If you cancel more than 14 days prior to your booked event, we will refund your fee minus a charge of 15% to cover our administration costs. We regret that cancellations 14 days or less before the booked event cannot be refunded or changed/transferred.
If you wish to change/transfer your booking after confirmation we will do our best to accommodate you if you notify us 14 days prior to your booked event, and if there is space to do so. However there will be an administration charge of £15 per change/transfer.
Workshops often contain clinical material. This is always anonymised as far as possible but delegates are none the less reminded to respect confidentiality.
All that is discussed in your therapy sessions will be treated as confidential, with the following exceptions.
We are required to seek supervision by our professional body (The British Psychological Society or equivalent) as a means of ensuring good practice. We will usually inform your referrer of your progress, but the details that we disclose will be discussed with you. We do have a statutory obligation to break confidentiality under rare circumstances, namely, if we believe that a client is of danger to themselves or to others (under the Mental Health Act, 2001) or if we believe that a child is at actual risk of physical or sexual abuse (The Children Act, Section 47, 1989).
If we felt that it would be helpful to request additional medical, social or legal information, we could only do this with your consent. Similarly, should another medical, social or legal professional request information from us, we would not release this without your consent.
OCTC makes every effort to ensure that this programme is delivered as advertised. However, should a presenter have to cancel, we will endeavour to find another suitable presenter. We will inform attendees as soon as is reasonably practical and, if requested, will offer a refund. In the rare event that we are unable to substitute a presenter, we may cancel a workshop and refund payments already made by attendees. OCTC will not refund travel and accommodation costs that attendees may incur.
All the workshops in this programme are carried out by highly experienced therapists and trainers. The individual presenter is responsible for the content of the workshop and any views expressed do not necessarily represent those of OCTC.
Although highly informative, none of the open workshops or workshop series confer a formal qualification or assurance of competence in CBT (or a specialist area of CBT) since we are unable to assess attendee competency within the training event. However, credit and award-bearing courses that lead to formal qualifications are offered by OCTC in conjunction with the University of Oxford. More about these courses is available on our website www.octc.uk
Levels of competence
Before booking a place on a workshop, please ensure that it is pitched at the appropriate level of competence for you. The guide to levels is as follows:
Basic workshops are for people from a variety of backgrounds, who have at least one year’s clinical experience. Cognitive behavioural knowledge is not necessary for attendance at these workshops, though in practice, a number of attendees will have some skills in the area, and are refreshing/updating their knowledge.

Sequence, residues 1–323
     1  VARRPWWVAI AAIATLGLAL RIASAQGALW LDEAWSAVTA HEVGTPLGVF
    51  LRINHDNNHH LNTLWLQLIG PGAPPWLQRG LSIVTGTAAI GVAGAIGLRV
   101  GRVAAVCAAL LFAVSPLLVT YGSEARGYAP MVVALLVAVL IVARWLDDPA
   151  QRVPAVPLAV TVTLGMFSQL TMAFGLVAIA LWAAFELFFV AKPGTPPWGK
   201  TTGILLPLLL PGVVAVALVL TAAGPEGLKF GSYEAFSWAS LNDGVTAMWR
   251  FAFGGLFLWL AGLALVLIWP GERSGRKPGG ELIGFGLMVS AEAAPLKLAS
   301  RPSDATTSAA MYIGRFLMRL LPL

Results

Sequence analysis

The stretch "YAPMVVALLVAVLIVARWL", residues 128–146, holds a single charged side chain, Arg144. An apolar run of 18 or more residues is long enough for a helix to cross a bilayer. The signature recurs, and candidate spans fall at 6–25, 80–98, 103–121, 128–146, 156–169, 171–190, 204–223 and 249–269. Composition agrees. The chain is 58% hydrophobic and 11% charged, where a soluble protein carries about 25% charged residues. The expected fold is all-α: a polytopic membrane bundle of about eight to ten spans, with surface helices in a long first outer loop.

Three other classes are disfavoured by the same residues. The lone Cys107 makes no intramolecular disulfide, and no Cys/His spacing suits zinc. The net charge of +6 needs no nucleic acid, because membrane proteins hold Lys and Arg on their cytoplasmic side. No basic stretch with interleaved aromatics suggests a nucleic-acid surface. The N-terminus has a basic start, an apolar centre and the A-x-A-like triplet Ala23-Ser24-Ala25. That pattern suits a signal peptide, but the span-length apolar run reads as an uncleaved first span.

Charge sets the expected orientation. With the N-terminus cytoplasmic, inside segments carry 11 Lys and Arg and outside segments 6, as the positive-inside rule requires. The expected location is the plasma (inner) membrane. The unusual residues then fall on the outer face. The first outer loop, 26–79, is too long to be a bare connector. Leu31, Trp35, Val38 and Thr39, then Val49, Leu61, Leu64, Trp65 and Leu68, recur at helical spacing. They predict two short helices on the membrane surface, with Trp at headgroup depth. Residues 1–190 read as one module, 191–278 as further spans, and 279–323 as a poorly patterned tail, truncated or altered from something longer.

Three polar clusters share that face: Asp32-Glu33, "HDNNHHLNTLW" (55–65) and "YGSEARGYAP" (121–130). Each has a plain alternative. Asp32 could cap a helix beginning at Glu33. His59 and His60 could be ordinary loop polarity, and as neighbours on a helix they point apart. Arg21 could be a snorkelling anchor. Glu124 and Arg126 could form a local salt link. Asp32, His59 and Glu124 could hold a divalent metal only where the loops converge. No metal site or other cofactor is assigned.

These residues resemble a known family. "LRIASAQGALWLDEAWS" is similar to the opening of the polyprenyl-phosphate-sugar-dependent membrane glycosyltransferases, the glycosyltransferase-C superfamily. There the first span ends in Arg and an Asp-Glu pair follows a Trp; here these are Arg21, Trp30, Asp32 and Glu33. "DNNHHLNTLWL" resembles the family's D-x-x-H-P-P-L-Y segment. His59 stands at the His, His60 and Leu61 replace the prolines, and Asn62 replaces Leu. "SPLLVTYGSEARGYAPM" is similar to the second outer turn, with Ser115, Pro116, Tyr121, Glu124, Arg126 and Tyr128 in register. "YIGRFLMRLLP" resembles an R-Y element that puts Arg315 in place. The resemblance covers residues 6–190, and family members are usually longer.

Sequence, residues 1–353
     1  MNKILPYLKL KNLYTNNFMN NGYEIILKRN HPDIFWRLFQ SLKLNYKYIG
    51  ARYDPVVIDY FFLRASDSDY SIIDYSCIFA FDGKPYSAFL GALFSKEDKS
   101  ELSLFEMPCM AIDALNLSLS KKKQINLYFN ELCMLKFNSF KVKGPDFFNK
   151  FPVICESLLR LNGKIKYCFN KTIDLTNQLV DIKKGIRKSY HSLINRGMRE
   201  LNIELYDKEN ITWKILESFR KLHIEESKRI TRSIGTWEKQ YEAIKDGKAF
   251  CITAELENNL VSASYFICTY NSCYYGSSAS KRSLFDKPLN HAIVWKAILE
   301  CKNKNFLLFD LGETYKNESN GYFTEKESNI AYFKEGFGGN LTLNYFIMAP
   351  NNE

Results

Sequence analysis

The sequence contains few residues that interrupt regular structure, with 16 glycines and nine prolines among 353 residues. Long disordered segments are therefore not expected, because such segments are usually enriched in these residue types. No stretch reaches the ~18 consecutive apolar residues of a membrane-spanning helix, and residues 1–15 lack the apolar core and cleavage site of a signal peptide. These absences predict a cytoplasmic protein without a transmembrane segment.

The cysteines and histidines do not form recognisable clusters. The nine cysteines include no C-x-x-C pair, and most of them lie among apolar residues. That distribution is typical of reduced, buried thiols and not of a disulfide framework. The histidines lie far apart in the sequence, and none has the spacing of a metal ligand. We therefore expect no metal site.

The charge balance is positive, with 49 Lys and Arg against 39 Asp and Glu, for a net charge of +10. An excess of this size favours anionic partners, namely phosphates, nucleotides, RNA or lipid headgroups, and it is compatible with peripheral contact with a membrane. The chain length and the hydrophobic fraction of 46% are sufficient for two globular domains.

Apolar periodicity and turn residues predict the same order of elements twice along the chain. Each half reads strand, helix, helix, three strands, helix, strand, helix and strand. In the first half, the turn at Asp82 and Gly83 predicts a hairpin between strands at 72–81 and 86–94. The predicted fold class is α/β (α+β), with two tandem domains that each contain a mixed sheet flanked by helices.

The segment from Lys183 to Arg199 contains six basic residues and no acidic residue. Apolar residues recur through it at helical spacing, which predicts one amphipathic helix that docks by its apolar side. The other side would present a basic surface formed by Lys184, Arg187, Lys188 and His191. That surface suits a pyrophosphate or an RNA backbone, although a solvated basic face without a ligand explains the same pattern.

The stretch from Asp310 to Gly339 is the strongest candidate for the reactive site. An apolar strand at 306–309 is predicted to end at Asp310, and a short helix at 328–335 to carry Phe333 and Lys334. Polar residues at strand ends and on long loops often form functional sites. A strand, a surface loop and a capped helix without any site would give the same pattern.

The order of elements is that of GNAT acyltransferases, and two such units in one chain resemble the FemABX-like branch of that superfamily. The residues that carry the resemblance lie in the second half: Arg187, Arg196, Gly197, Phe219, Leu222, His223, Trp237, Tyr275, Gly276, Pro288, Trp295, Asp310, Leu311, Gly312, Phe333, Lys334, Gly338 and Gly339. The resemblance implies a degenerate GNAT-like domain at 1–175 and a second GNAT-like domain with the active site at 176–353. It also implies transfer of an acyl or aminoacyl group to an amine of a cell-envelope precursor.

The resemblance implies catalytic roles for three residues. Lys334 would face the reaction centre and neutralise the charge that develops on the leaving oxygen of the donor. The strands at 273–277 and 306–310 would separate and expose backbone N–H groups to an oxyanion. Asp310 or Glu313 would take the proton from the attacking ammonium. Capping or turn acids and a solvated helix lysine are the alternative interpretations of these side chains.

Intermediate workshops are directed towards people who already have knowledge of CBT, and experience in using cognitive formulations and treatment methods – for instance, they are able to identify and test automatic thoughts, and design behavioural experiments. Most participants will be using CBT as part of their clinical practice, and may still be acquiring new CBT skills.
Advanced courses are directed towards those professionals who use CBT routinely as part of their clinical practice. They have probably undertaken a significant number of training courses and/or workshops, and use a broad range of cognitive behavioural strategies to work with a range of presentations at varying levels of complexity.
Bookings can only be considered confirmed after we have received your online registration or application form and payment (or invoicing details, including an official purchase order document). Please note that registration to workshops closes 7 days prior to the event date.
If you are booking a workshop place for someone else, you must complete your own details in the billing field, but ENTER THE WORKSHOP PARTICIPANTS NAME/ADDRESS in the shipping field. If you wish to order items using a paper order form instead of online, you can view or download an order form in Adobe Acrobat (PDF) format. Once downloaded, print it out, fill it in, and send off with your payment [cheque made payable to OXFORD HEALTH NHS FOUNDATION TRUST] to the address on the form.
The cost of the workshops includes hot drinks on arrival, mid-morning and mid-afternoon, but not usually lunch unless stated. However, for workshops that do include lunch, if you have any special dietary requirements please let us know at the time of application.
We welcome applications from diverse backgrounds. If you have any particular needs, please contact us
prior to booking.